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Old 03-03-2011, 02:59 PM   #11
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I've never prepared anything with them, but have wanted to. By moux choux, do you mean maque choux? (I'm sure you don't mean moo shu as that wouldn't make sense, but I don't know what moux choux is.) That could be interesting as a maque choux. Can you provide a recipe, please?
My bad, spelling sometimes eludes me.

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Old 03-03-2011, 05:04 PM   #12
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Every time I've been given some (when I lived in the south I was quite often), I just chopped or grated it and added it to whatever soup I was making at the time. It's flavor wasn't that strong and it blended right in.
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Old 03-03-2011, 07:11 PM   #13
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My bad, spelling sometimes eludes me.

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Do you use shampeaux? Good thing this isn't a spelling contest for many of us!
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Old 03-05-2011, 08:50 AM   #14
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Do you use shampeaux? Good thing this isn't a spelling contest for many of us!
No, I drink that! Krug is a good brand isn't it?

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Old 03-05-2011, 10:07 AM   #15
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Chayote is one of our most common vegetables in Costa Rica. One favorite method of preparation is in a picadillo, a sort of vegetable hash, which may also include ground or shredded beef or pork, but is usually made with just chopped chayote, onion and cut corn, with perhaps a little garlic and/or sweet pepper (bell pepper). Chayote is also excellent in salads (cooked, then chilled).
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Old 03-05-2011, 11:00 PM   #16
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I like it cubed, add a cut up fresh tomato, small can of green chili's, salt and pepper, cover and simmer till tender and stir in some grated cheddar cheese.
Delish.
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Old 03-05-2011, 11:09 PM   #17
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I like it cubed, add a cut up fresh tomato, small can of green chili's, salt and pepper, cover and simmer till tender and stir in some grated cheddar cheese.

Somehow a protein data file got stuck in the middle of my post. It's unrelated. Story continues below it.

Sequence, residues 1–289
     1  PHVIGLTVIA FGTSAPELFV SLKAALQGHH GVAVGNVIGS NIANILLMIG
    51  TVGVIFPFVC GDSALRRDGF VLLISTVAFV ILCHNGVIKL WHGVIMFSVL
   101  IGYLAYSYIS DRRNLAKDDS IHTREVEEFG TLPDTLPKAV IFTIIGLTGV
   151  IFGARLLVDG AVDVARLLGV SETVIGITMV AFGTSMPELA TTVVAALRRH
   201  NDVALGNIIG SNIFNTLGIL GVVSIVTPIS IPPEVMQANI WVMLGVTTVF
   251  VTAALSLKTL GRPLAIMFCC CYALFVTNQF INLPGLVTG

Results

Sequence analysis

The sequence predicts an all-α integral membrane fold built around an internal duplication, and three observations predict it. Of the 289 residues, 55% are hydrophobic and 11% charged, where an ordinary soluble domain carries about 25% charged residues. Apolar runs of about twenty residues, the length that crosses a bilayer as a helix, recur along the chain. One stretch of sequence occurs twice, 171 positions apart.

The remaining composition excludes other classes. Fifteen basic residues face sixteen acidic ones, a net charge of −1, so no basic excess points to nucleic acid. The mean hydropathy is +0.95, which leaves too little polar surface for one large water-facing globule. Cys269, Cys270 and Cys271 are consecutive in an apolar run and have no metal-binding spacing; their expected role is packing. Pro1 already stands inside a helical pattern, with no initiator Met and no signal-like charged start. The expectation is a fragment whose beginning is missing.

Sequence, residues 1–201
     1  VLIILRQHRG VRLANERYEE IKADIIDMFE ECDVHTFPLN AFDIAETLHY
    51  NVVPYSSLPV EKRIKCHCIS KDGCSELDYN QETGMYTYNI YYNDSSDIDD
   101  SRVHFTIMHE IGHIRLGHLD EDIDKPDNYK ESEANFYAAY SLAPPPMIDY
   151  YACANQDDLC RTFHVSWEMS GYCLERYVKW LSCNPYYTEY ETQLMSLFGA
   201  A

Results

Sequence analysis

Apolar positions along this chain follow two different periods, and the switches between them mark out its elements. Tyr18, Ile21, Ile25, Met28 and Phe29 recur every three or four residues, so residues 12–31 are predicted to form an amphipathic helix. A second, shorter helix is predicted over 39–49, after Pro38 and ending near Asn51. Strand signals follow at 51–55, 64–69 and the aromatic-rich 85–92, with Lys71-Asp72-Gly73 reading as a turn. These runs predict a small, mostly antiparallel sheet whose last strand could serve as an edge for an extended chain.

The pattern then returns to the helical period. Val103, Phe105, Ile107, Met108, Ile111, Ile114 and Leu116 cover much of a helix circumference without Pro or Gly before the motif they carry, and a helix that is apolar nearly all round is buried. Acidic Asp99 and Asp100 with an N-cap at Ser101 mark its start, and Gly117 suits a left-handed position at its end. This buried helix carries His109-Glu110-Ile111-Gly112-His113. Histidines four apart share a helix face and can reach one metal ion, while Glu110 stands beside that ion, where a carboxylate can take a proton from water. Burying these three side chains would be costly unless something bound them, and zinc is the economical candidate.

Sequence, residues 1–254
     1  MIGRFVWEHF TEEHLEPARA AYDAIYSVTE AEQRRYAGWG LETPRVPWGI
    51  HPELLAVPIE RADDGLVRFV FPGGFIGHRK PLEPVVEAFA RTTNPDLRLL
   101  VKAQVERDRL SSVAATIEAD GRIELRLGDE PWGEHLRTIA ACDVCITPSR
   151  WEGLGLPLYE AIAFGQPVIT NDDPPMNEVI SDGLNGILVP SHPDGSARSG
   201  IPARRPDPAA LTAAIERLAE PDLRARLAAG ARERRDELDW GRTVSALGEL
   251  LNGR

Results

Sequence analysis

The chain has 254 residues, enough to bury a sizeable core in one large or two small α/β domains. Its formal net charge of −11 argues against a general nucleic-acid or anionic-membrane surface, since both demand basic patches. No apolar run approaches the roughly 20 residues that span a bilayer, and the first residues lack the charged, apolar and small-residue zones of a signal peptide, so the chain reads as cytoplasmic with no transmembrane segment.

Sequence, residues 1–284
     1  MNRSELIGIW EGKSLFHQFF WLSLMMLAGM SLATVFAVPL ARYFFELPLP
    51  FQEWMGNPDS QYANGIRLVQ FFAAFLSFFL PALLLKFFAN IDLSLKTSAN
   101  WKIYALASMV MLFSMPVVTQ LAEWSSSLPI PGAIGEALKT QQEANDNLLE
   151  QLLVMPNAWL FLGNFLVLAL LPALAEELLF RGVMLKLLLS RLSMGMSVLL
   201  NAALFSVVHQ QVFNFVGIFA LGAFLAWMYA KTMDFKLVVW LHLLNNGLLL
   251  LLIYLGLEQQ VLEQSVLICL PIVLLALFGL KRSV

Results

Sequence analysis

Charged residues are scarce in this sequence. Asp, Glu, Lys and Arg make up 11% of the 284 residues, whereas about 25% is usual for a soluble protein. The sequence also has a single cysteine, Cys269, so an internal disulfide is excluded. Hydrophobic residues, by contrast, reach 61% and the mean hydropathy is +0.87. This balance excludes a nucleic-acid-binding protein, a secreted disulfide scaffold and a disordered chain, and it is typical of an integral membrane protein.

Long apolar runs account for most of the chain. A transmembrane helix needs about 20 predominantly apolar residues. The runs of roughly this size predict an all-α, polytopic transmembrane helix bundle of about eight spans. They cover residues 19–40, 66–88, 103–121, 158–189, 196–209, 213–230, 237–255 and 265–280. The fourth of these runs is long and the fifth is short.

Delish.
Sounds great, what do you call it? Any liquid?
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Old 03-06-2011, 06:38 AM   #18
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Go to the line on green chili. Use this squash instead of zucchini. The mild flavor and green/white color should do just fine!
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Old 03-06-2011, 10:13 AM   #19
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In the Philippines, they use it to make a soup called tinola which usually has chicken and some kind of greens in it like spinach. Green papaya is used in the same way (and I think is prefered over mirliton).
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Old 03-06-2011, 11:29 AM   #20
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I knew Chayote was called Mirliton, but wasn't making the connection until Jnate's post. Yes, I've used it a lot. I use much like I would use potatoes in dishes I want to cut the starch in. It is bland enough to do this.
Would it make a good substitute for something like mashed potatoes or would you be able to replace some of the potatoes?

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Originally Posted by FincaPerlitas View Post
Chayote is one of our most common vegetables in Costa Rica. One favorite method of preparation is in a picadillo, a sort of vegetable hash, which may also include ground or shredded beef or pork, but is usually made with just chopped chayote, onion and cut corn, with perhaps a little garlic and/or sweet pepper (bell pepper). Chayote is also excellent in salads (cooked, then chilled).
That sounds good! Do you use any fat/oils?

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I like it cubed, add a cut up fresh tomato, small can of green chili's, salt and pepper, cover and simmer till tender and stir in some grated cheddar cheese.
Delish.
Again, this sounds great! Do you need some fat/oil? Or stock/water?

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